Nelly Bly – Around the World in 72 Days (1889-1890)

“Very well,” I said angrily, “Start the man, and I’ll start the same day for some other newspaper and beat him.”

In 1888, journalist Nelly Bly suggested to her editor at the New York World that she take a trip around the world, attempting to turn Phileas Fogg’s fictional journey in Around the World in Eighty Days into fact for the first time. On approaching her editor, he told her that it was impossible for her to do it because she was a woman and would need a protector and she would need to carry so much baggage that it would impede rapid changes. He told her that only a man could do it. Nelly replied with the quote above, and consequently the newspaper went on to commission her trip. She set off with the dress she was wearing, a sturdy overcoat, changes of underwear, a small travel bag with toiletry essentials, and a purse of money around her neck. She broke the preceding record and the fictional one too and made the journey in just 72 days. Nelly Bly’s gutsy attitude makes me smile and I think something of her certainly found its way into Felicity Wiggety!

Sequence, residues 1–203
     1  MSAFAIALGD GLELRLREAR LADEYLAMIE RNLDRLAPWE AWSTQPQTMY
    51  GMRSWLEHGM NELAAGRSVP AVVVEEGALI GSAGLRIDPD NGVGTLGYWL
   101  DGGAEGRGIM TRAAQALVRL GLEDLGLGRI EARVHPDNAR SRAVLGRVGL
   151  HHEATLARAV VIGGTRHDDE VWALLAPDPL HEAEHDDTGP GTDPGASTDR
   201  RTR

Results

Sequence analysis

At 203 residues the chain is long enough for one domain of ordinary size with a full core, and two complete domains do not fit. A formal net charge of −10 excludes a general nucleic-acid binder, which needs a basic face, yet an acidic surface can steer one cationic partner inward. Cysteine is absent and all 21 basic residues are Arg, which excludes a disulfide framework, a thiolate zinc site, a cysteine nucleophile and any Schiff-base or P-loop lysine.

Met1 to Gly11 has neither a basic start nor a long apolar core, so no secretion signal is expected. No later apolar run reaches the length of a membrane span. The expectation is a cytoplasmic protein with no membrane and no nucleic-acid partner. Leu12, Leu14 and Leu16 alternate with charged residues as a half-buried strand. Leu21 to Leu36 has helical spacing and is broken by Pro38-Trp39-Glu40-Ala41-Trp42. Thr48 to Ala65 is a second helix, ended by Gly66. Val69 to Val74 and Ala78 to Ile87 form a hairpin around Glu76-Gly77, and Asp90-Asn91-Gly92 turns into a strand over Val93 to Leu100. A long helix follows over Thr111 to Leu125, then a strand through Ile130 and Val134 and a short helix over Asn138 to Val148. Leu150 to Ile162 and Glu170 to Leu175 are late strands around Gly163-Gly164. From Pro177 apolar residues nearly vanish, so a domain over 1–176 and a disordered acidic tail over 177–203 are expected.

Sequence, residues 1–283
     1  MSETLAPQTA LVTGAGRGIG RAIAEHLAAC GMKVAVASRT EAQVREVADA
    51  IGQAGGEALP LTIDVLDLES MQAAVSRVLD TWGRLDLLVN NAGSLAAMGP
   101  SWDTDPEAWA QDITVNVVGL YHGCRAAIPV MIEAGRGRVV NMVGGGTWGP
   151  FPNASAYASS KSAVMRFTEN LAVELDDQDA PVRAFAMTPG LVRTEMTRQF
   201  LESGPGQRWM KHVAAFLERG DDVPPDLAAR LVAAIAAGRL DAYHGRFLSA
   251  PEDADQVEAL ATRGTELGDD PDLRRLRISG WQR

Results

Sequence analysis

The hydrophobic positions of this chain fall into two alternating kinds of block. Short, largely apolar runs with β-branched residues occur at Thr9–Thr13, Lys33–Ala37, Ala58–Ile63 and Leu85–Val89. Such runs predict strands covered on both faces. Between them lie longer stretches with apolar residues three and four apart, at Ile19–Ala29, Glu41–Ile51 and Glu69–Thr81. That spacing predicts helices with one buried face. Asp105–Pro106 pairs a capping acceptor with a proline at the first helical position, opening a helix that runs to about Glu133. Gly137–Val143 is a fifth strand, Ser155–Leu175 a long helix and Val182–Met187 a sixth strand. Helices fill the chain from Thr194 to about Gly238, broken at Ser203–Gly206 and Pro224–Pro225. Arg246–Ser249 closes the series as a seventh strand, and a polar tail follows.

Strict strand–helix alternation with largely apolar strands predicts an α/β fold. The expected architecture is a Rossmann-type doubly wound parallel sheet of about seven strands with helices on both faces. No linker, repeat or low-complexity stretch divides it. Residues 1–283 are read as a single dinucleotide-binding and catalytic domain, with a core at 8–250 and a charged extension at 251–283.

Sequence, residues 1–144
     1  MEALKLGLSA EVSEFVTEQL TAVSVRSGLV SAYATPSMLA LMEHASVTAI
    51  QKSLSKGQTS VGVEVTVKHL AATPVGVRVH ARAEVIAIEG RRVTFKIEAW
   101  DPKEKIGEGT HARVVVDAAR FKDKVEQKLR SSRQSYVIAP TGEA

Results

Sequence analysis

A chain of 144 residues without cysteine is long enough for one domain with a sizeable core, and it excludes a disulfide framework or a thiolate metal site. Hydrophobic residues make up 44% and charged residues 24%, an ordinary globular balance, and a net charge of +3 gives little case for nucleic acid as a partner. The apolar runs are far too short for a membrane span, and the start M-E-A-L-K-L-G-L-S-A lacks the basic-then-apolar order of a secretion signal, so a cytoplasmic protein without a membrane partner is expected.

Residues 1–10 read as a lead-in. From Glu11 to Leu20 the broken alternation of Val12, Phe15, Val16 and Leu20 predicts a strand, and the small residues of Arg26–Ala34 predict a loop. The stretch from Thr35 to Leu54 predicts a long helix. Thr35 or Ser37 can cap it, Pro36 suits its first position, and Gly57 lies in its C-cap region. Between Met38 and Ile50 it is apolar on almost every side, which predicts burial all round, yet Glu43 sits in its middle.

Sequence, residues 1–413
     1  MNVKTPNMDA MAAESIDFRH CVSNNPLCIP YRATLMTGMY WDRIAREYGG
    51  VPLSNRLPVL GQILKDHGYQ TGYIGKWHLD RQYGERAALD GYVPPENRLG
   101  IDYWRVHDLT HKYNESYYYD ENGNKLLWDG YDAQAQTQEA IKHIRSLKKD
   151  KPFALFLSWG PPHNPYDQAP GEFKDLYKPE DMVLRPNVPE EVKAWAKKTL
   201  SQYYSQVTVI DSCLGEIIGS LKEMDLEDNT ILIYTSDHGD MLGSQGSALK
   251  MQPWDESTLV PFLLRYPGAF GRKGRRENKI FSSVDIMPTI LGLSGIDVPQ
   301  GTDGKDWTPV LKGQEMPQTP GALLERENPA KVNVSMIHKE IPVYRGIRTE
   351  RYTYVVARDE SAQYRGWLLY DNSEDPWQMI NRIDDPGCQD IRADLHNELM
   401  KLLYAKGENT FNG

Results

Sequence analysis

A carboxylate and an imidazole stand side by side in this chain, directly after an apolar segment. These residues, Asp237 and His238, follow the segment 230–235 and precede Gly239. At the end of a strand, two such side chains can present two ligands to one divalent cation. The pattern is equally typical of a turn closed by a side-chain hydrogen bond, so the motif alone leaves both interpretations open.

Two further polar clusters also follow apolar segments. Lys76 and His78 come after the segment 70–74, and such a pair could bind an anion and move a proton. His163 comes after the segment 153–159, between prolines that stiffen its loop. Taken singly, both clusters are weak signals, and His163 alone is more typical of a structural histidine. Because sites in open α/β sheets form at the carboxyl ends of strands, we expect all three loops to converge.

If you’re writing and stuck for character, try thinking about figures from history who inspire you – what role might they fill in a story?

With huge thanks to Vashti for her guest blog. Vashti Hardy lives near Brighton and was a primary school teacher before moving into digital marketing. She is an alumni member and buddy at the Golden Egg Academy. Brightstorm is her debut novel published by Scholastic. You can buy it here

Brightstorm by Vashti Hardy

brightstormThe great era of exploration is over. Much of our world has been seen and documented, but humans haven’t lost their drive to be the first, to make their mark, and certainly haven’t let go of the idea of heroism. But so often the marks humans make, the braveries people display, are small acts of heroism in a known world. So, we turn to fiction to replicate that experience of exploring the unknown, of seeking out a new world and experiencing new adventure within it.